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By: Chris Rowe — May 3, 2016

This is the Whole Ball Game

Our Current Stock Market StanceUntil we see more confirmation of strength, we maintain our bearish stance.   This may seem confusing to those who’s money I manage because we do have bullish positions.  But our bullish positions at Rowe Wealth Management are largely in defensive sectors (as well as exposure in tech and commodity-based sectors) and we have a significant cash position, depending on the investment model used for the particular client.

Although we have seen signs of increasing strength, our long-term indicators are still weighted to the downside.  In the meantime, we must note that we did recently see significant increasing strength in the short-term and intermediate-term.  That strength subsided as stocks continue to dip, today.  But we will be on alert since, historically, such dramatic short-term strength sees follow-through into a longer-term trend of strength.   Until we see that follow through, we must stick to our bearish guns. 


This is the Whole Ball Game

This market's recent evolution comes down to one thing:  Inflation.

Understand what's going on with U.S. inflation and you'll understand what's going on in most financial markets (stocks, bonds, commodities, currencies.)

2016-01-27_12-11-53If you don't have a basic understanding of these intermarket relationships then your performance will likely suffer.

Instead of focusing on the direction of the general stock indexes, it's best to think about which sectors will shine.  And right now, inflationary sectors, like precious metals, are the shiniest.

This was first identified in one of our programs, TAM Tools, when the ranking of the Precious metals sector went from dead last (46th) to first place, In January, and stayed in that upper range.


This institutional sector analysis tool of ours discovers "the what", in order to identify profit opportunities.


We care little about "the why" because it's more important to make money than to know why things are happening.

But considering the major impact the current changes will have on your investment account, I'll summarize the inflationary cause and effect...

Start simply:



The consumer price index is the most widely followed monthly indicator of inflation.  A quick glance at the table, above, shows 12-month inflation rates going from negative in most of 2009 to positive in 2010 and above the Fed's comfort zone of around 2% through most of 2011.

Gold advances when investors see/expect future inflation.

Gold is viewed as a hedge against declining purchasing power.  Even though inflation was negative in 2009, this meant the Fed would try to spark inflation with lower interest rates.

From late 2008 - 2011, the price of gold tripled and the NYSE Arca Gold Miners Index (the index that can be purchased through "GDX") quadrupled.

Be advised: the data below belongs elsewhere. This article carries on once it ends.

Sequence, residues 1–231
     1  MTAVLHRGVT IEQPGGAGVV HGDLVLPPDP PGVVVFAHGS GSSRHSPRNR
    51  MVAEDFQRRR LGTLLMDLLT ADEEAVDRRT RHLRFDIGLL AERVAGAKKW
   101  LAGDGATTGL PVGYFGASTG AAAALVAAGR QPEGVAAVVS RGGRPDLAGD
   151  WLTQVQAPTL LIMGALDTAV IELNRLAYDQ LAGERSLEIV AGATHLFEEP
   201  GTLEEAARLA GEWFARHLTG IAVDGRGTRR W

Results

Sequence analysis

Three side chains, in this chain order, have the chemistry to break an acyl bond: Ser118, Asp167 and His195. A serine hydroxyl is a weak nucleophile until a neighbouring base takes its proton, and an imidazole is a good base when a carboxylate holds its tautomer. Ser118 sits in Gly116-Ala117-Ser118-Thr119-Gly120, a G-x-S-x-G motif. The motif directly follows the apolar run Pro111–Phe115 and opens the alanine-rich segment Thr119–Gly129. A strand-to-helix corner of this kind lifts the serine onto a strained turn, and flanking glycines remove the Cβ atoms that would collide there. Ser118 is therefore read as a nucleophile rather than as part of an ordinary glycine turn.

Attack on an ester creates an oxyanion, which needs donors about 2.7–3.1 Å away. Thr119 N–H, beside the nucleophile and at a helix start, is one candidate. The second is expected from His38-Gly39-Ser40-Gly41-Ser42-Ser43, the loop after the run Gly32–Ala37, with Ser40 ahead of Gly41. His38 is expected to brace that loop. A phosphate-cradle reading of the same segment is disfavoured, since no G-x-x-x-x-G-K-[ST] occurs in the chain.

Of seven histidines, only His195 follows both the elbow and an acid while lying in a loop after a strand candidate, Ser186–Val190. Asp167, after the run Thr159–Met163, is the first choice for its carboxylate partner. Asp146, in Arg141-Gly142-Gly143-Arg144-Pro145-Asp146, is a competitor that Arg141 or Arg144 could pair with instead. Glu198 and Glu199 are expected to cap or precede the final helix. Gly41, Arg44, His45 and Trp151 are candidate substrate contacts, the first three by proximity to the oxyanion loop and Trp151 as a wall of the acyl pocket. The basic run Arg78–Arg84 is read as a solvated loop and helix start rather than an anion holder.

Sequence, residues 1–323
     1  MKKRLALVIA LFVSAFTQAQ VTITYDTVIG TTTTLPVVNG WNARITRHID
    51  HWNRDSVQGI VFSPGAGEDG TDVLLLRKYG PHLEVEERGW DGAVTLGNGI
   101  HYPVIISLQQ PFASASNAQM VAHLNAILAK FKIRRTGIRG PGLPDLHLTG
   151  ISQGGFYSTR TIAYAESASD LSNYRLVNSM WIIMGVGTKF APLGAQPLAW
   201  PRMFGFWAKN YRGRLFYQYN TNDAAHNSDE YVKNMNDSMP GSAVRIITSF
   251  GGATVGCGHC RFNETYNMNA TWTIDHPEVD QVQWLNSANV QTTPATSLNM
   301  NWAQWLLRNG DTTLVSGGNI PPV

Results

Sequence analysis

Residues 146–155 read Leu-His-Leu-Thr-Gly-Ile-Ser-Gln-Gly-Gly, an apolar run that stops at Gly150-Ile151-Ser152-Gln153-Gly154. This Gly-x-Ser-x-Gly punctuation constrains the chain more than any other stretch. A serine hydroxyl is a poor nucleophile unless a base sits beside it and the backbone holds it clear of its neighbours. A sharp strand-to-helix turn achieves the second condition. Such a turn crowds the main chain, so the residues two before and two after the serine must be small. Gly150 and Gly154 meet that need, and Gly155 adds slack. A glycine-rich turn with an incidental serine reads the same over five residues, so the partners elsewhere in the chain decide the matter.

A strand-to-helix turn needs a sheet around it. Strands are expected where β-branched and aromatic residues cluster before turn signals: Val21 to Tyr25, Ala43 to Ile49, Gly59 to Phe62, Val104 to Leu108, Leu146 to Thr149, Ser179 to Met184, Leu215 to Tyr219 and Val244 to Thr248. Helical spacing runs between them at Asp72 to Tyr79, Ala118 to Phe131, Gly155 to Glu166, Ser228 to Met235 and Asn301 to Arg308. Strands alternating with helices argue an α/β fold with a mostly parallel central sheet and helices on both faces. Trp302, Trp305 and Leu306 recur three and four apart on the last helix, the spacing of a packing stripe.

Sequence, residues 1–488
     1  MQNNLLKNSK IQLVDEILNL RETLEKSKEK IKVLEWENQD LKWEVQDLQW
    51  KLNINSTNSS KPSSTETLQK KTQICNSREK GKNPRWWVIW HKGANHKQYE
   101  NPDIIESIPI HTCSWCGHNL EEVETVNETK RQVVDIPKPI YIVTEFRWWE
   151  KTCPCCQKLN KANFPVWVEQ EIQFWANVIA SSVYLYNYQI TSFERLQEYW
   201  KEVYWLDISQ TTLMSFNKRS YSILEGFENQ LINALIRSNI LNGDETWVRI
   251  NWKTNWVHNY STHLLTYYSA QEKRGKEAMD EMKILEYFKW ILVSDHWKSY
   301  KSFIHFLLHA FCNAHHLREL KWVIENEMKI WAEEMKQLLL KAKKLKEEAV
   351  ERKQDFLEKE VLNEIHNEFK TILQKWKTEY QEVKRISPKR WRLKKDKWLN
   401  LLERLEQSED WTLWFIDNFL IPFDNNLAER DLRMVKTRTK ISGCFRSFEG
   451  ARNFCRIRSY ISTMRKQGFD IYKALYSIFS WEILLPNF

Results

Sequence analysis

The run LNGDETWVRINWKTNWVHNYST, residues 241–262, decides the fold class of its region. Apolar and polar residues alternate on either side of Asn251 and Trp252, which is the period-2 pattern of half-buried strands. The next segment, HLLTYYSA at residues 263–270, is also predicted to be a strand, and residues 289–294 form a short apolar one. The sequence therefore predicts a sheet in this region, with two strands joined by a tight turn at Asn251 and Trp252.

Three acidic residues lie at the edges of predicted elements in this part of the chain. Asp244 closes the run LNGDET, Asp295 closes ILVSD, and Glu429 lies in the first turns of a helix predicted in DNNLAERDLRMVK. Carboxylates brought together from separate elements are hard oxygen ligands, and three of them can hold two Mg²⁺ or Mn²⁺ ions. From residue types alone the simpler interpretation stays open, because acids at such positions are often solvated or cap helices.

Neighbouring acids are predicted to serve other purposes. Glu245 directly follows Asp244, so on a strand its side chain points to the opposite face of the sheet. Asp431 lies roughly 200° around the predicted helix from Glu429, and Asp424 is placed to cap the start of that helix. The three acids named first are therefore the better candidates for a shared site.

As you can see in the table, inflation started to taper and then it dropped.

Compare the 12-month rate hitting 1.5% in March 2013, to that of March 2012 when it was at 2.7%.

With the inflation change, the price of gold and gold stocks tanked.  But in January of this year, everything changed.

2016-04-30_22-41-42 2016-04-30_22-50-27

The CPI table showed 12-month inflation as almost non-existent through 2015 as gold prices bottomed out.

But then, with a sharp spike in January and February, to 1.4% and 1.0%, respectively, gold to popped 23%.

We covered inflation rates and we covered how that affects precious metals. Now let's discuss the sweet spot gold is in...

Inflation has jumped but it's still much lower than the Fed is happy with (2%).  So when inflation does what it's been doing, people look for ways to hedge against inflation (gold) but still can't see the Fed stepping up to take action to fight it off (fighting inflation).

Again, the Fed wants to see 2%.  We still have a somewhat sluggish economy and earnings, in the long-term picture.  So investors can sit and fight about whether the Fed will raise rates or not and how that will affect "the stock market".

But the way to play the stock market is to understand how the inflation picture affects specific sectors.  Because whatever the S&P 500 does, you can see one sector up 20% and another down 20%, depending on that story.

If the Fed raises interest rates, it would eventually (not necessarily immediately) have negative impact on the Materials sector (XME), on Gold stocks (GDX) and on the Utilities sector (XLU).  You'd also see weakness in bond prices and bond funds.

But, although they experience short-term dips, all of those sectors are gunning higher.

The mistake being made by many investors right now is to think that because we are seeing a spike in inflation, the Fed can or must raise rates.  But the fact of the matter is, with inflation rates still relatively low, albeit spiking, the interest rate sensitive sectors I've just mentioned are the strongest areas of the market.

Even if rates start to advance, there is a lagging affect on commodities, just like a drop in interest rates doesn't just immediately turn a long-term bear market into a bull market.

As you monitor the sectors of the stock market, be sure to have another couple of screens open where you're monitoring inflation and interest rates.  That will be a great way to find the market's rhythm.


Chris Rowe

Chairman, True Market Insiders LLC


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